As part of the Institute’s Mindful Leadership training, leaders learn to ask, “What is called for now?” If “have some compassion” is the answer, it can be a challenge, especially if someone is attacking your work.
Once, leading senior executives through a change management process, I was confronted part-way through an exercise by a top executive who had become visibly agitated. He stopped us saying he lacked confidence in our process and thought it ill-advised, and frankly questioned our motivation and intelligence.
That moment made me understand why, out of the four fundamentals of Mindful Leadership – focus, clarity, creativity, and compassion – leaders report struggling most with compassion. Of course, the misconception that compassion means hearts, rainbows, and an inexhaustible patience for mediocrity doesn’t help. Nor does construing the word’s roots to suggest we should suffer with another seem like such a good idea. Where is the leadership if we are struggling too? But if, through Mindful Leadership, we learn to work with our own reactivity and take a step back to see the bigger picture, we can help others do the same.
However, it takes both courage and willingness. Three kinds of willingness, to be precise. First is a willingness to actually bear witness to difficulties. When people are having a hard time, we see their troubles and conflicts not as isolated events or character flaws, but as conditions arising as a result of intersecting components. It isn’t necessary for us to rush right in and try to fix it all.
For example, when I was challenged by that senior executive, the first willingness was to see his agitation and not ignore it. It felt risky: he was my senior in both age and years of service. Having been taught about “generational difficulties” in adapting to change, I might just have chalked his response up to “resistance to change”. This seemed different, so I turned to him and inquired gently.
His agitation burst out. “Are you suggesting that I’ve been incompetent?” he sputtered, landing a modicum of spit right on my cheek. I might have reacted angrily or shamed him for being so aggressive, but I was curious about the bigger picture. This man, committed to the organization, had been an outstanding contributor in the past. What was it he had heard?
Which brought me to the second willingness, a willingness to relate to the experience in some way so you can understand it either emotionally or cognitively, and know on a deep level that you yourself might respond the same way given the right conditions. In this case, I recognized that the executive had been emotionally triggered; who among us hasn’t at some time or other? Rather than making assumptions about him or his character, or trying to decide what might have provoked him, I listened deeply. “It’s interesting that you heard that; tell me more,” I said, really wanting to know.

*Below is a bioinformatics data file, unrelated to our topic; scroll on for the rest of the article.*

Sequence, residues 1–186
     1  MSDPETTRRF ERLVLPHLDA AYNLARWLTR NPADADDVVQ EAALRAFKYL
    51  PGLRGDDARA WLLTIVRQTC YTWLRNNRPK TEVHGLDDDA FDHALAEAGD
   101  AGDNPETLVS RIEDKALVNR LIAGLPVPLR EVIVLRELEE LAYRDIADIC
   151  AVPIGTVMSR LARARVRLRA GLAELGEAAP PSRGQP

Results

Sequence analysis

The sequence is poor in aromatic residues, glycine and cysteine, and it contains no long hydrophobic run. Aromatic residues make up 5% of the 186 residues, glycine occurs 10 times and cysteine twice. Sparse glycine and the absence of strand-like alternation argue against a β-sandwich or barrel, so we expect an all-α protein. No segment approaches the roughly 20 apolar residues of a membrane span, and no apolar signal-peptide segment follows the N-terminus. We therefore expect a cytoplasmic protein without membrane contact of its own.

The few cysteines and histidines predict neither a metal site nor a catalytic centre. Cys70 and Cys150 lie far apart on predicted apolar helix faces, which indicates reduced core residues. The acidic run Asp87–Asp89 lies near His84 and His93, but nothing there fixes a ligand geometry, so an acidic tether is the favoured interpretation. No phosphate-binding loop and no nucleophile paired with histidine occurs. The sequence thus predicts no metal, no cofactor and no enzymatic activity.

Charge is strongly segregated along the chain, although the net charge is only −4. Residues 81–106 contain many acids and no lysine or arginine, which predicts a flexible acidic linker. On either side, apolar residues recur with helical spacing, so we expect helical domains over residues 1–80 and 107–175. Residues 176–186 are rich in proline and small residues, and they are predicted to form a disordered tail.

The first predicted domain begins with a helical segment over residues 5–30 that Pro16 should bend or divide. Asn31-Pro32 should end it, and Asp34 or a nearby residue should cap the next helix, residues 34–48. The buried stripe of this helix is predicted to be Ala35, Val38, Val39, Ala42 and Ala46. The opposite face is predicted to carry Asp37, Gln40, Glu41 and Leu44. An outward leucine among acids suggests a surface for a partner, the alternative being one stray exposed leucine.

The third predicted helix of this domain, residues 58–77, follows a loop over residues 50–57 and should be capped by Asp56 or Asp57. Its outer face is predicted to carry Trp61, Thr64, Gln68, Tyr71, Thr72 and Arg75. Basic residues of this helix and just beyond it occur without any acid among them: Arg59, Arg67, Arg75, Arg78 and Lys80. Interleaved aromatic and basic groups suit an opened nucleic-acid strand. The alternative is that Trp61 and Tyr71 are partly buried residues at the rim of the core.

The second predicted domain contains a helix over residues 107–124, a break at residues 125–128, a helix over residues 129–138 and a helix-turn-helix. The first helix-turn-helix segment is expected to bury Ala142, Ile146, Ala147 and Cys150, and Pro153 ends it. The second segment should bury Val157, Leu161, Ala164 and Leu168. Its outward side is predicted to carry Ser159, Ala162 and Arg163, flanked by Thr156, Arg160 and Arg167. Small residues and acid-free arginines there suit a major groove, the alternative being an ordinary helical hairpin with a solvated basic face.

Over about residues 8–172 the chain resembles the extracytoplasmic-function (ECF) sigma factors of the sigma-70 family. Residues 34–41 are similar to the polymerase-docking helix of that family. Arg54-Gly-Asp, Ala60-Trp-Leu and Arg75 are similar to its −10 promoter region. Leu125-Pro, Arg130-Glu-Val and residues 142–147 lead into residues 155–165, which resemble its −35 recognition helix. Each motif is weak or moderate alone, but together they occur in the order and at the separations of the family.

What he had heard, as he explained himself, turned out to be instrumental in the process going forward. Which illustrates the third form of willingness, the willingness to act in a way that alleviates difficulties the first two have clarified. In this case it called for me to be open to this man’s wisdom going forward. Together we took a closer look at the change management process and decided to be more attentive to ensuring that ‘sincere gratitude’ was evident for past performance. This executive has become and remains to this day a lead advocate for the ongoing change process in his company.
Theologist and philosopher Thomas Merton wrote, “The whole idea of compassion is based on a keen awareness of the interdependence of all living things.” Leaders in organizations know that interdependence is a vital factor in leading with excellence, and “making nice” isn’t always being kind. For example, allowing an employee to continue to operate at a sub-par level isn’t compassion; it actually perpetuates difficulty and dysfunction. How we choose to support an individual depends on looking at all the relevant conditions: Are they the right match for the job? Do they need employee counseling? Could they benefit from coaching?
If we’re willing to practice the three kinds of willingness, and pay enough attention, we can create the conditions for compassion to flourish. We do this by focusing on the connections of interdependent parties and by attending to our own conscious and unconscious biases, which separate us from others. This brings clarity, so we can open to spaciousness and the wisdom and compassion it brings.
Compassion enables us to act in a way that not only serves the world well, but inspires others to do the same. Pausing with a little curiosity is sometimes all it takes to facilitate transformation.
Interested in learning mindful leadership? Join us June 2nd-3rd for our upcoming Leading Differently retreat at the Hilton Garden Inn in Wayne, NJ.
Leading Differently: The Power of a Purposeful Pause© Retreat
June 2nd-3rd, 2016 9:00 AM to 4:00 PM
During this 2-day nonresidential retreat, we will explore mindfulness meditation and practical applications to enhance our ability to lead and live with excellence. For a limited time, special Early Bird pricing is available for this program. Click below for more information.More Info